Journal of Kidney

ISSN - 2472-1220

The inhibition of renal miR-150 attenuated kidney injury in lupus nephritis by reducing inflammation and fibrosis

Joint Event on 3rd Annual Kidney Congress & 16th International Conference on Nephrology & Therapeutics

October 19-20, 2018 | New York, USA

Hua Zhou

The Shengjing Hospital of China Medical University, China

: J Kidney

Abstract :

We had previously reported that renal miR-150 correlates with chronicity in repeated kidney biopsies from lupus nephritis (LN) patients and that miR-150 agonist upregulates profibrotic and downregulates antifibrotic proteins in human podocyte, tubular, and mesangial cells. This suggests that miR-150 may be a target for treating renal fibrosis. We recently found that circular HLA-C might regulate miR-150 in LN patients with simple class IV. In this study, we subcutaneously injected locked nucleic acid (LNA)-anti-miR-150 (2mg/kg) in fcgr2b-/- mice, which is a spontaneous LN mouse model with different pathological classification. LNA-anti-miR-150 with FAM was seen in kidneys 6hr after injection. Renal miR-150 increased 2-fold in 40-week LN mice. LNA-anti-miR-150 (twice/week for 6-8 weeks) decreased renal miR-150 levels to around 30% of the diseased mice with scrambled LNA injection but did not show any other organ toxicity. Inhibition of renal miR-150 significantly attenuated proteinuria and kidney injury seen on PAS and MASSON. The levels of proinflammatory genes (Il6A, Ifn-?, Tnf-?) and profibrotic genes (TGF-?, ?-smooth muscle antibody, fibronectin) remarkably decrease and the expression of the anti-fibrotic gene (suppressor of cytokine signaling 1) increased. Lastly, we validated miR-150 in renal biopsies from new onset female LN patients with class III to class V (n=18) without treatment of steroid and immunosuppressant. We found renal miR-150 in LN patients increased compared with normal kidney tissue. We conclude that miR-150 inhibition protected LN from progression by downregulating proinflammatory and profibrotic genes and up-regulating anti-fibrotic genes. This suggested that LNA-anti-miR-150 may be a potential agent for treating renal fibrosis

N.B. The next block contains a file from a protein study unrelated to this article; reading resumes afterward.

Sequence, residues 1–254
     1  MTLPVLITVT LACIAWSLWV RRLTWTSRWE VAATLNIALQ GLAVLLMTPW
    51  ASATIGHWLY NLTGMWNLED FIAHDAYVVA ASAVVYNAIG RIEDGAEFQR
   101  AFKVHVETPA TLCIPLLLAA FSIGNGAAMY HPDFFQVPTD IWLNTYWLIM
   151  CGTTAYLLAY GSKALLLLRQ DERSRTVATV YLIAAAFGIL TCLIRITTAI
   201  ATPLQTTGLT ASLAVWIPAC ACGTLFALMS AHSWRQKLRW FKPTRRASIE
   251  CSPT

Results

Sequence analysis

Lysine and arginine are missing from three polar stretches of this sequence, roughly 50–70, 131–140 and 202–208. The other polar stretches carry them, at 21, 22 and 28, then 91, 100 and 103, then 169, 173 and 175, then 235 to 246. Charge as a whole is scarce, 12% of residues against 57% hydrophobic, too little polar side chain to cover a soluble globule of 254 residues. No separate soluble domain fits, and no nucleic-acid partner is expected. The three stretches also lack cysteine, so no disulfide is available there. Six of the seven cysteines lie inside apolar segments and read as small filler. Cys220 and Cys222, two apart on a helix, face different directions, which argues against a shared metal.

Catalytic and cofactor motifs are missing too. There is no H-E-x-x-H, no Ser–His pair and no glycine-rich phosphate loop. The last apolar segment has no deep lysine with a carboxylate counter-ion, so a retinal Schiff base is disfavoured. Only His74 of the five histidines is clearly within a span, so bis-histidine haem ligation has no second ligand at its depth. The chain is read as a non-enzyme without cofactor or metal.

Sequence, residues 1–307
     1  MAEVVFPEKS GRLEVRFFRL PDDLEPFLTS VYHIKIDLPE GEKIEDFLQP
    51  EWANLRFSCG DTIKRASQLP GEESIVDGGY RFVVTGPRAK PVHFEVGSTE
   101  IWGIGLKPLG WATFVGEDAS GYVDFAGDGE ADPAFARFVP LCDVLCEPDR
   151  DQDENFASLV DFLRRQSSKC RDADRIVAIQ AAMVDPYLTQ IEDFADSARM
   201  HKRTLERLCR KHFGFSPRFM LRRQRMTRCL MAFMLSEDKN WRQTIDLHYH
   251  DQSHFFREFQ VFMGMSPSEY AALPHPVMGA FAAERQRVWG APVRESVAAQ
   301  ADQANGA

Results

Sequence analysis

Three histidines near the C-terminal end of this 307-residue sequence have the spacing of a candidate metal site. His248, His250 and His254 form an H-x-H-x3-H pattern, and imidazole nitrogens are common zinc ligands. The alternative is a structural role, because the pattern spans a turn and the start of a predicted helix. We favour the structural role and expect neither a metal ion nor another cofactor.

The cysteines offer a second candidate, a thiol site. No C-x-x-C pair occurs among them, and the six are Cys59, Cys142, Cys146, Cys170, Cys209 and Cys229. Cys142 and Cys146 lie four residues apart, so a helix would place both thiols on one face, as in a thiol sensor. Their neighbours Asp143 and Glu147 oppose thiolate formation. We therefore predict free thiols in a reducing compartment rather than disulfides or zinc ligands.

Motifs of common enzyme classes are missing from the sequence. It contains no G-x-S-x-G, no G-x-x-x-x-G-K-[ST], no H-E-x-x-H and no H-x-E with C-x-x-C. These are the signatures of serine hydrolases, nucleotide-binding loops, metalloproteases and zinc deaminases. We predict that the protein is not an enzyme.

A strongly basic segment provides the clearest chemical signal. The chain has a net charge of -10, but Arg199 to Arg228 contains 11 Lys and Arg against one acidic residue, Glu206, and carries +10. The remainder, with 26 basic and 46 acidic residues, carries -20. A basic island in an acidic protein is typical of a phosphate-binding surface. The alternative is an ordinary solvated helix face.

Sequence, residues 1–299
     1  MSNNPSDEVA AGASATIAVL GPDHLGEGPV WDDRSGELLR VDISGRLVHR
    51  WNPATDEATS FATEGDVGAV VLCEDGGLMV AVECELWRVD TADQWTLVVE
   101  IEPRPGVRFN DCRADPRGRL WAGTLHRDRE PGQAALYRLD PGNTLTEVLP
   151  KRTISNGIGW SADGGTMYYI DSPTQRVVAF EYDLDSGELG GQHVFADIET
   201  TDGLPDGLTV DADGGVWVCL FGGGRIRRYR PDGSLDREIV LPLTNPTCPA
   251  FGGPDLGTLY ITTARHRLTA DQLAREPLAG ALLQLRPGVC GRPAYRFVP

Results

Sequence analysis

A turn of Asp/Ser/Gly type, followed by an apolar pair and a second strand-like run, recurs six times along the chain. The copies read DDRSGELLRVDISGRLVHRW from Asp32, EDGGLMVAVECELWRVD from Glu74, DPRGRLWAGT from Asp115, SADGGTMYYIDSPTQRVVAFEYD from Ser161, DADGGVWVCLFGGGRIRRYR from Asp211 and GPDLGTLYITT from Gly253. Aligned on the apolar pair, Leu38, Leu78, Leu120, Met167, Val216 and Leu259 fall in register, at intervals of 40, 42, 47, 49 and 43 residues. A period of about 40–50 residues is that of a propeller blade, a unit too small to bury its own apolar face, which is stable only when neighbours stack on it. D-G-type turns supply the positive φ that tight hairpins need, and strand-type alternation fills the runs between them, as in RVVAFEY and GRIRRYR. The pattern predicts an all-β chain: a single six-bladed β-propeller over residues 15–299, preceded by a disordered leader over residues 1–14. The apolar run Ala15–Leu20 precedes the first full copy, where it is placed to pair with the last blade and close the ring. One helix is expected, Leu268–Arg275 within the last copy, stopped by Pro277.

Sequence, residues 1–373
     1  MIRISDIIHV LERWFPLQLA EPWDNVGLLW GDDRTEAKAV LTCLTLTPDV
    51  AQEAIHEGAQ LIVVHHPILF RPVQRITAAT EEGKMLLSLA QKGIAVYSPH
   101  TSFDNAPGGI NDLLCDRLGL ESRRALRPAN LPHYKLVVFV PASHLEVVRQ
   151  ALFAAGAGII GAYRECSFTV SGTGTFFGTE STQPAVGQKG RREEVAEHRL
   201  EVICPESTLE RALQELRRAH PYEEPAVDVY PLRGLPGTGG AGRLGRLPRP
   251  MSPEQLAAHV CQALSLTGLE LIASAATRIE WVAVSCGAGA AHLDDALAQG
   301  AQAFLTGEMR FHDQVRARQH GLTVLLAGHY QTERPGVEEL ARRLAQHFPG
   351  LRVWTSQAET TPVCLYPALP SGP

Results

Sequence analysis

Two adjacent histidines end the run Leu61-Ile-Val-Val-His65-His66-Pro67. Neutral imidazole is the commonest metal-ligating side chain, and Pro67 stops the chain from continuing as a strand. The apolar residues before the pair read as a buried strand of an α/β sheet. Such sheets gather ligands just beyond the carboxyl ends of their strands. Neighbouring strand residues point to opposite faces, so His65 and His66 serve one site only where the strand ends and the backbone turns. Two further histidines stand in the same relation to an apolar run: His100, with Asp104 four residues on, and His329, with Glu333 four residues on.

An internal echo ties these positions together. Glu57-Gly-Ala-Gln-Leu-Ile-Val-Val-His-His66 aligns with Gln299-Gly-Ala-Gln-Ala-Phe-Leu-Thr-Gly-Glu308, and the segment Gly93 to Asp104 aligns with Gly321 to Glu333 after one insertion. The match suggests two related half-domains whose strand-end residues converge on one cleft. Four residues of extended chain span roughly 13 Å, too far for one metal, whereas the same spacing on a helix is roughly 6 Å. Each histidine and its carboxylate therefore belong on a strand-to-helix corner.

Biography :

Hua Zhou completed her MD at China Medical University, PhD at Hamamatsu Medical University in Japan, and postdoctoral works at NIDDK. Prior to returning to China, she had conducted medical research at NIH for 9 years. Currently, she serves as the Vice Director of the Nephrology Department at Hospital of China Medical University, one of the top 20 medical universities in China. She has published 32 papers in prominent nephrology journals and has reached a citation number of 2300+. She also serves as an outstanding committee member of the Chinese Society of Renal Pharmacology and the Chinese Society of Renal Pathology.